Sunday, 7 June 2009

Human Influenza A: Hyderabad emerges swine flu capital in India


2009
By Syed Akbar
Hyderabad, June 6: Hyderabad has emerged as the hub of human influenza A virus or swine flu with five of the seven cases reported so far in the country and yet health authorities here have not found it necessary to improve quarantine facilities at the lone nodal centre, the AP Chest Hospital.

A fresh swine flu case was confirmed on Saturday in a four-and-a-half year old girl. She contacted the disease while she was flying down to India from the US from a 20-year-old co-passenger. Her mother is now under surveillance for any swine flu symptoms.

The youth, who passed on the disease to the child, has also transmitted the virus to his brother, who incidentally did not travel outside the country. Both the brothers are now under treatment. This is the first "native" case of swine flu in the country in the sense that the disease has spread locally.

Even as more swine flu cases are adding up in Hyderabad, health authorities continue to make do with the existing facilities, which are not enough to treat severe cases. Luckily, all the cases reported so far in the country are mild and do not require advanced treatment. But the authorities have no answer to the question, what if a severe case of swine flu is admitted to the chest hospital.

Given the severity of the situation and lack of adequate facilities in city hospitals, the National Institute of Communicable Diseases is rushing a team of experts to Hyderabad. It includes a multi-disciplinary rapid response squad.

The World Health Organisation has issued a set of guidelines on treatment of swine flu cases, which include provision of oxygen therapy. The chest hospital does not have such a facility and a senior official admitted that it would acquire one if the need arose. The WHO has also suggested that swabs be taken from more than one source, but health authorities here continue to depend on throat swabs alone.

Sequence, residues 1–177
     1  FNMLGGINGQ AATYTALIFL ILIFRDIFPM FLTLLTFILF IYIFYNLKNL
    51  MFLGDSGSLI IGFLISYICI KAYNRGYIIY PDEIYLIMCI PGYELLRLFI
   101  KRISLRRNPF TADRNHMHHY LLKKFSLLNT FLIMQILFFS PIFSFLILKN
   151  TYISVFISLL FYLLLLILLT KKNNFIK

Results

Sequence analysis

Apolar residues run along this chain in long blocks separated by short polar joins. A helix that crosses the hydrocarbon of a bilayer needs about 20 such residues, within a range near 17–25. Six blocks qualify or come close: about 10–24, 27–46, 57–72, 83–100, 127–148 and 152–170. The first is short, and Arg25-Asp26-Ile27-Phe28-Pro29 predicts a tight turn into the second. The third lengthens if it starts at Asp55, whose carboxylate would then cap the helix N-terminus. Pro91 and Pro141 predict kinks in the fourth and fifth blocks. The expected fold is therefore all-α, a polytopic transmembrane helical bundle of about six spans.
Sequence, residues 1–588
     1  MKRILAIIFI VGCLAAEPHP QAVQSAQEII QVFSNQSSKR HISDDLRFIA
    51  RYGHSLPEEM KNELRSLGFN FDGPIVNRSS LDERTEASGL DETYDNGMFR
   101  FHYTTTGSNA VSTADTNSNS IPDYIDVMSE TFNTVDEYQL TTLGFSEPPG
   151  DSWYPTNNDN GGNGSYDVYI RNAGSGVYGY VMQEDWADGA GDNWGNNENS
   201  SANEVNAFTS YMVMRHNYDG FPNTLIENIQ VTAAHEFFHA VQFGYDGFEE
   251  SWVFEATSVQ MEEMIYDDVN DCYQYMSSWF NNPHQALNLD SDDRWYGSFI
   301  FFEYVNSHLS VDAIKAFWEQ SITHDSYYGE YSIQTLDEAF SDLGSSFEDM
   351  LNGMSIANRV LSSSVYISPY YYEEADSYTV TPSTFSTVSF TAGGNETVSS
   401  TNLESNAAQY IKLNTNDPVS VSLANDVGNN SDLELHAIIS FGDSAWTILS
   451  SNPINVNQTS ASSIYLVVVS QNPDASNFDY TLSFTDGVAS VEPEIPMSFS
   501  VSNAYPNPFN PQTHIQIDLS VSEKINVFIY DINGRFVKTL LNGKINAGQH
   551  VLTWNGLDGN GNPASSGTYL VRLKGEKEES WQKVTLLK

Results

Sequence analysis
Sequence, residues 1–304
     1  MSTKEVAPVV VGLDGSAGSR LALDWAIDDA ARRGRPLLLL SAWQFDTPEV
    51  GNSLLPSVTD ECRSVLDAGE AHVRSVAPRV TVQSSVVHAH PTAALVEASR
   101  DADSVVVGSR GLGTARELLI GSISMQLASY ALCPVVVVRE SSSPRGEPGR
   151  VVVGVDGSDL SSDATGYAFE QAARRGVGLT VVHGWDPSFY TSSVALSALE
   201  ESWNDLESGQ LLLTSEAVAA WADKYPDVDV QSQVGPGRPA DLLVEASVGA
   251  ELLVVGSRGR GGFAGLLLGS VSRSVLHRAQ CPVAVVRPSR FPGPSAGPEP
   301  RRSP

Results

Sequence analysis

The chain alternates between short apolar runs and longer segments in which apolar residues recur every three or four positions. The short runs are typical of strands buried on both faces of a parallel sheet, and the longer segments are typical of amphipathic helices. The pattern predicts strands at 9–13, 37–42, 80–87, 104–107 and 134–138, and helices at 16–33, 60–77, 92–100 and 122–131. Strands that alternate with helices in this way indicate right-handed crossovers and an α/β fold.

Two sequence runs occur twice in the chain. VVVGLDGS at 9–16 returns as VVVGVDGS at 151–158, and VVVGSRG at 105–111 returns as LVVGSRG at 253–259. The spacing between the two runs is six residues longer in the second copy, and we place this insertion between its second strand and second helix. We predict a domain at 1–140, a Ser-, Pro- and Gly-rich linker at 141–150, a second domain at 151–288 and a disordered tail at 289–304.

"All the patients admitted with swine flu are doing well and responding to the treatment. They do not require oxygen therapy. If an emergency arises we will shift the patients to intensive care unit where we have oxygen facility," said Dr K Subhash, coordinator for the State nodal centre for human influenza A. He, however, has no answer when asked if shifting of swine flu patients to intensive care unit will not spread the disease. Those suffering from swine flu have to be in isolation or quarantined.

The WHO guidelines stipulate that samples for laboratory tests should be taken from the deep nasal passages (nasal swab), nasopharynx (naso-pharyngeal swab), throat or, if available, bronchial aspirate. Upper respiratory tract sampling using a combination of a nasal or nasopharyngeal and a throat swab is advised and may
facilitate virus detection. It is not yet known which clinical specimen gives the best diagnostic yield for this specific infection. But for reasons best known to officials, all the samples collected so far are those of throat.

Swine flu is a new influenza virus detected quite recently. This virus spreads from person-to-person, probably in much the same way that regular seasonal influenza (common cold) viruses spread. Human-to-human transmission happens when infected people cough or sneeze. The infected droplets get on their hands, drop onto surfaces, or are dispersed into the air. Another person can breathe in contaminated air, or touch infected hands or surfaces, and be exposed.

To prevent spread, people should cover their mouth and nose with a tissue when coughing, and wash their hands regularly. The early signs of influenza A are flu-like, including fever, cough, headache, muscle and joint pain, sore throat and runny nose, and sometimes vomiting or diarrhoea.

Swine flu has assumed pandemic proportions since thousands of cases have been reported from a vast geographical area. A disease is said to be endemic if it is restricted to a particular area and pandemic when it spreads worldwide.

"At presentation or triage and routinely during subsequent care in hospitalised patients, oxygen saturation should be monitored by pulse oximetry whenever possible. Supplemental oxygen should be provided to correct hypoxaemia (low oxygen content in blood). It is advisable to have an oxygen therapy to maintain oxygen saturation above 90 per cent. Several patients in Mexico have developed ventilator-associated pneumonia or hospital-acquired pneumonia caused by typical nosocomial (hospital) pathogens," a WHO report warns.

According to Dr SV Prasad, superintendent of AP Chest Hospital, the latest swine flu patient, the plus four years girl has been doing well and responding to the treatment. "The girl is playing and her condition is normal," he said.

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